Susie Ulrey squints and points across her stable of switchel and chips.
"You know like when a flash shines in your eye, and you have that little floater?" she says. "I have this little floater in my right eye. Like, I can see it. When I’m looking at you, I see it."
This was one of the first symptoms, back before the official diagnosis in 2001. She also had double vision. Balance problems. Pockets of numbness that kept her from playing her guitar. She’d strum a chord, and the pick would fall right out of her hands.
"Some symptoms come back," she says. "Some never really go away."
In a way, the same is true of Ulrey’s Tampa indie band, Pohgoh. This month Pohgoh released Secret Club, their first album in 21 years; they’ll celebrate it Friday with a hometown record release show, followed by an East Coast tour.
Secret Club is Pohgoh’s first album since Ulrey, 41, was diagnosed with multiple sclerosis, leaving her unable to walk and, for years, play guitar. The impact, to say the least, was profound. Whereas 1997’s In Memory of Bab was all about "teenage love and being so stressed out," Secret Club is largely about Ulrey’s battle with M.S., from medication that feels like "poison in my veins" to the shame of falling and frightening her loved ones.
Secret Club also — emphatically and on its own terms — rocks. Produced by Jawbox singer J. Robbins, it doesn’t wallow in sorrow or meandering atmospherics, like some other emo albums. It’s upbeat, loud and full of big, direct melodies.
"We wanted it to sound fat and crisp," she says. "We wanted a big record. And that’s what we got."
There was no guarantee Pohgoh would play again. The band started in 1994 with a different lineup around guitarist Matt Slate. Ulrey’s future husband, Keith Ulrey — a longtime scene curator who now runs Microgroove and the New Granada label and promo house — joined on drums. When their first vocalist left a couple of years in, they recruited a teenage Susie Richardson to write and sing.
They were popular, and almost signed a record deal before splitting in early 1998. Susie and Keith started dating a year later, and married the year after that. Then came Susie’s diagnosis. Gone, like that, was her ability to play the guitar.
"I had a coup in my body about 2001, and it has been a dictator in my body for the past 17 years," she says.
She started another band, Rec Center, in which she sang and played piano. When Pohgoh reunited for one-off shows in 2006 and 2009, a friend played her parts. It wasn’t until a more permanent reformation in 2014 that she picked up the guitar again. She had to relearn how to play sitting down, and practiced every day to reinforce her muscle memory so she could feel "back in my element."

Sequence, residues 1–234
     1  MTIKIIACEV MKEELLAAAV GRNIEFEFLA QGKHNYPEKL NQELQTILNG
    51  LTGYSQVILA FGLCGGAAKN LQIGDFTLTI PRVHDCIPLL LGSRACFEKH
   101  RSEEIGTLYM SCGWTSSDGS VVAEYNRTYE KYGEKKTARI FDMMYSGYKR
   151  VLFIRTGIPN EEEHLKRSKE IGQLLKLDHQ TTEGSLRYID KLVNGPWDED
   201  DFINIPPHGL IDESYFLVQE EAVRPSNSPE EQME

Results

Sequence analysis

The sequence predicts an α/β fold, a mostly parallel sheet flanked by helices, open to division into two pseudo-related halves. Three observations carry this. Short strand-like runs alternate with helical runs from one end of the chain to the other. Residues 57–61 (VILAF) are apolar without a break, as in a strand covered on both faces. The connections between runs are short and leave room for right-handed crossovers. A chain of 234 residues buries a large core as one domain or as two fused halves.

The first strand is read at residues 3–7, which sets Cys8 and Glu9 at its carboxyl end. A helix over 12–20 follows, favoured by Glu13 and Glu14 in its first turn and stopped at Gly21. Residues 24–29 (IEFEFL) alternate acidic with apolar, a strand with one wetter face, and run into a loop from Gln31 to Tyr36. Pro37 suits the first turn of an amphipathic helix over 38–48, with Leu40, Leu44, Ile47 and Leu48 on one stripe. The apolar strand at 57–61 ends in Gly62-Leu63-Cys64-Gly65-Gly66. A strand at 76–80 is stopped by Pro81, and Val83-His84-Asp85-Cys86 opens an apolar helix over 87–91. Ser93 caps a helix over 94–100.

"That’s probably the happiest I’ve ever been," she says of Pohgoh’s first go-around. "I’m not going to go all The Secret/Oprah/posi bulls---; I don’t think you can make anything happen. Obviously, I’m not going to walk again. Let’s face facts, I have spinal cord atrophy. And that’s fine. But I set my sights on something, and I’m persistent to the point where it’s annoying, and I wanted to go for it and I did it."
Ulrey’s condition is, understandably, a major factor in Pohgoh’s existence. Not all clubs are fully accessible — there are times when Keith has to carry her on stage — but she takes the opportunity to educate them on how they can do better. The prospect of playing 10 straight nights on this tour is daunting. She plans to sleep a lot.
And then there are the themes of Secret Club. Rarely do rock bands make albums about their singer’s struggles with a debilitating disease (although, as Ulrey puts it, "What else would I write about?"). It’s a viewpoint not often seen in pop culture.
But it was Ulrey’s design to make Secret Club open to interpretation by the listener. Take the closing track Easterburg. On the surface, it sounds like a lament for all those years lost between Pohgoh albums: "Ten years of my life treading water / a decade’s worth of time out from under me / who will help me figure out what I’m supposed to do?"
Turns out it’s not about M.S. at all. It’s about Ulrey’s day job working for a recruitment firm, and the existential crisis that hits anyone in their 30s when they realize they’ve spent the last decade working in one place.
"That’s the thing: I have M.S., but I also fight with my husband, and I hate my job, and I get into arguments with my family," she says. "When you break it down to its core, these songs are about struggles, the grief and uncertainty and fear that I felt. And everybody goes through that to varying degrees, for different reasons. That doesn’t make it less relevant for the person who’s going through what they’re going through. So when I’m vocalizing my struggles, I hope that someone can say, ‘Wow, she knows what I feel like.’"
Contact Jay Cridlin at firstname.lastname@example.org or (727) 893-8336. Follow @JayCridlin.